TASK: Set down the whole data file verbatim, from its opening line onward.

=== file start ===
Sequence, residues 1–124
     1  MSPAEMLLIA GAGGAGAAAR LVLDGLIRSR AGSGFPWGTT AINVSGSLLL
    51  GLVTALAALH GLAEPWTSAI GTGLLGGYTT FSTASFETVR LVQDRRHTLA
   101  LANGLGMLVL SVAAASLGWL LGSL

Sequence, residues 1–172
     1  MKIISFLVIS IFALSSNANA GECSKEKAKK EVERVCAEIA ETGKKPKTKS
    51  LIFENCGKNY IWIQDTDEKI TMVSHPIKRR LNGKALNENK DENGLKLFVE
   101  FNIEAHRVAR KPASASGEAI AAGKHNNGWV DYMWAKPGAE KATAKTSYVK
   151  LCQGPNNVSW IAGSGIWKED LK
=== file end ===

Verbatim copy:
Sequence, residues 1–124
     1  MSPAEMLLIA GAGGAGAAAR LVLDGLIRSR AGSGFPWGTT AINVSGSLLL
    51  GLVTALAALH GLAEPWTSAI GTGLLGGYTT FSTASFETVR LVQDRRHTLA
   101  LANGLGMLVL SVAAASLGWL LGSL

Sequence, residues 1–172
     1  MKIISFLVIS IFALSSNANA GECSKEKAKK EVERVCAEIA ETGKKPKTKS
    51  LIFENCGKNY IWIQDTDEKI TMVSHPIKRR LNGKALNENK DENGLKLFVE
   101  FNIEAHRVAR KPASASGEAI AAGKHNNGWV DYMWAKPGAE KATAKTSYVK
   151  LCQGPNNVSW IAGSGIWKED LK